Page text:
So It’s Come To This…

(Another Vandalog Art Market Post)

Well, the inevitable pricing shakedown seems to have begun. Before the second wave of street art can start, there needs to be a time when prices drop a bit. Right now, nobody knows what anything is worth, so nobody is willing to buy all but the very best work. Just like products in the financial markets right now, there is plenty of good street art out there, but nobody wants to risk buying anything but a masterpiece.

In the past two weeks, I’ve come across three instances of galleries dropping prices on large portions of their inventory (Campbarbossa and Herakut must be feeling pretty pleased with themselves right about now, having already sold everything for Dirty Laundry). Maybe these galleries really do feel like giving us all a 10-35% discount just for the heck of it, but I’m guessing that’s not the case. I think this downturn is just a temporary blip though. True collectors who know what they want (as well as savvy investors with cash to spare) could get some great deals right now.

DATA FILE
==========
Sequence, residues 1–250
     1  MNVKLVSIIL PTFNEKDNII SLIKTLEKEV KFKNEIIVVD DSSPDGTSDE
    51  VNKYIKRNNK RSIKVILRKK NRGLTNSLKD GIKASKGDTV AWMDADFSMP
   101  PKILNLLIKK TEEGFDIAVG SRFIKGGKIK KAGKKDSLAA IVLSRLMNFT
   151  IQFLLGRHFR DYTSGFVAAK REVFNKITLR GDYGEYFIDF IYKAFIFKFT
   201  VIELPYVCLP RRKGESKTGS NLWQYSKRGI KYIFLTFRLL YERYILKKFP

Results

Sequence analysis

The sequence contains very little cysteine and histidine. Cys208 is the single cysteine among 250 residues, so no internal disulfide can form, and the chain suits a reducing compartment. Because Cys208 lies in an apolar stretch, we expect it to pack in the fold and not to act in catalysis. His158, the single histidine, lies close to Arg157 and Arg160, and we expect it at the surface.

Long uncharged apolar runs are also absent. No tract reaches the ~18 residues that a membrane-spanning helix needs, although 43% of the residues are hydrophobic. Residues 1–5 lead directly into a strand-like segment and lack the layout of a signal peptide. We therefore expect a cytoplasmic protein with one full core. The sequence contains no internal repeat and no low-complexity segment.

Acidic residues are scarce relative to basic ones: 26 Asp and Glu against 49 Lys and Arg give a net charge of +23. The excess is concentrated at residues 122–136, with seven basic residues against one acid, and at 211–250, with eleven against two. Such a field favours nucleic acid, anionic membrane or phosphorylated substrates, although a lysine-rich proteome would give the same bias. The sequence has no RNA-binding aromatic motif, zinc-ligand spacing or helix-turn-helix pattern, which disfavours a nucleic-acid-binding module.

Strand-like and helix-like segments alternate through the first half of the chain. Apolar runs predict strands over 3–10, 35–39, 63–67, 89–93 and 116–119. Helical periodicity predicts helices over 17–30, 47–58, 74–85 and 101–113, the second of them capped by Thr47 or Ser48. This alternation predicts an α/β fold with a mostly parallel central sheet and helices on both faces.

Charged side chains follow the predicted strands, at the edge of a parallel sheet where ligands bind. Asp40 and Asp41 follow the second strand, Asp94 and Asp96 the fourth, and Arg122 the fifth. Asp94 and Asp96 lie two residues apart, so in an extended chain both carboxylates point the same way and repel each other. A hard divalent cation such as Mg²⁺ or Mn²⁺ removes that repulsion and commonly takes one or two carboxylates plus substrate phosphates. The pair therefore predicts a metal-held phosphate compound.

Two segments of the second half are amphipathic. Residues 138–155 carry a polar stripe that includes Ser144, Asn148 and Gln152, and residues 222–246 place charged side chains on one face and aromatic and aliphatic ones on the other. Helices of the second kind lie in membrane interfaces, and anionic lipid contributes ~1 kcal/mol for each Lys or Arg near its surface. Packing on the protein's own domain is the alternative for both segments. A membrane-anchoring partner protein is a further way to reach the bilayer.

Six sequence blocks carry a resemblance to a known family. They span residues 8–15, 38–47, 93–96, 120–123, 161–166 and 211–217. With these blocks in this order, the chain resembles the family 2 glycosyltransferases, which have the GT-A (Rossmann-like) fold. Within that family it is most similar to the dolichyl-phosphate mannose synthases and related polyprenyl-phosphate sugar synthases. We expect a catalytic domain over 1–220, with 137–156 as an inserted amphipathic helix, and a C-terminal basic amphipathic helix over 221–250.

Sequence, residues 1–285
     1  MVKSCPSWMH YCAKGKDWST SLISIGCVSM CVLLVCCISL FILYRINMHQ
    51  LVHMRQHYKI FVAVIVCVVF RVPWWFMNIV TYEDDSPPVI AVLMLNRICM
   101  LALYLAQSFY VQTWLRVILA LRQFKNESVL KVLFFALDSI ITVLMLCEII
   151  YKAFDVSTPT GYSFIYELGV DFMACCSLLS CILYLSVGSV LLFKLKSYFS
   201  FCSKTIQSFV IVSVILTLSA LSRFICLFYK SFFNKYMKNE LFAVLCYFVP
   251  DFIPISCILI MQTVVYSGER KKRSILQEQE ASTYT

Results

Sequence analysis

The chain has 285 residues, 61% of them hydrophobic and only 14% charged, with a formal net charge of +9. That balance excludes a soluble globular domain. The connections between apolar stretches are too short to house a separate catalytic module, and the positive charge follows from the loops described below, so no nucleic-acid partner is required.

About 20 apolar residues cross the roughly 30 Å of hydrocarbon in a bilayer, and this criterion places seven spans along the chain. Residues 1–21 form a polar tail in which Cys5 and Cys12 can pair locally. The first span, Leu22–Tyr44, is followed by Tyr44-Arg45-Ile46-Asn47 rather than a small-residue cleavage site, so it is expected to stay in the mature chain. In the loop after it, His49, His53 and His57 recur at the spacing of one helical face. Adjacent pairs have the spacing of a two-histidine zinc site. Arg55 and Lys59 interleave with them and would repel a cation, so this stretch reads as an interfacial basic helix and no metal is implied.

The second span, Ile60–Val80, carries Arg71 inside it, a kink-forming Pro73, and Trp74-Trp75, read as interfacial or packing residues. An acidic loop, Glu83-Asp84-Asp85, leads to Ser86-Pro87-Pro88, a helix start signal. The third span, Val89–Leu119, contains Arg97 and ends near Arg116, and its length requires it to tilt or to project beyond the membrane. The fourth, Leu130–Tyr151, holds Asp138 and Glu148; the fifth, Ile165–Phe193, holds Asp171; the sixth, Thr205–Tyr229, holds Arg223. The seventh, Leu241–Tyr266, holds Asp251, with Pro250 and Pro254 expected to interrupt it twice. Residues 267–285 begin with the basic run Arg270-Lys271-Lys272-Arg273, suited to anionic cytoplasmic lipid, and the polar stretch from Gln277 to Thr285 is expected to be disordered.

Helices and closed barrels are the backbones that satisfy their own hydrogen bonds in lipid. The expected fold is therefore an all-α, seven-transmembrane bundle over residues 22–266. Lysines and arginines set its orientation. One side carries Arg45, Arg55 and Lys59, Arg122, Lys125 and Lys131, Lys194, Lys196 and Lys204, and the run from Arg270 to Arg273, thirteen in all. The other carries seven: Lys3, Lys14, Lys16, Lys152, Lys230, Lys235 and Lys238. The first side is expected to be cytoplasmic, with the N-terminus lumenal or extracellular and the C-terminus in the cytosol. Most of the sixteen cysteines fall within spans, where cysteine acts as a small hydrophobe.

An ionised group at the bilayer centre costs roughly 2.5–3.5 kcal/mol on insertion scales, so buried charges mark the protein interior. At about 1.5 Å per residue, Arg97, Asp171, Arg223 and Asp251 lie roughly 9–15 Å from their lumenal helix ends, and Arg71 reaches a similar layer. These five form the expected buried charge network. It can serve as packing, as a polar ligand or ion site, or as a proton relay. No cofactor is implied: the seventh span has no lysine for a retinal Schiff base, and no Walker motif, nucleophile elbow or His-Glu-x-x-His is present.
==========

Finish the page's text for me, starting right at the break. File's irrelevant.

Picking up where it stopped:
Even Faile’s Lost in Glimmering Shadows isn’t as hot as expected. Those canvases sold okay (even if they’ll be going right to storage), but it seems like just six months ago, a Faile show could sell out before the paint was dry.

Six months ago, the primary market was the place to find deals, and the secondary market was the place for sellers to make profits and buyers to find something rare and special. Now that sellers are trying to get rid of inventory, the secondary market seems to have the deals and the primary market’s role is just to put new work on the market.

Once all this uncertainty about pricing is over, collectors will stop buying street art just because it’s done with a spray can, and start buying work by artists that are actually talented. More international artists will probably come into play. For example, Australia has a huge scene, but other than Anthony Lister and a few others, those artists haven’t made it big in Europe yet.

These gallery-wide price cuts won’t last forever, so take advantage of them soon if you can.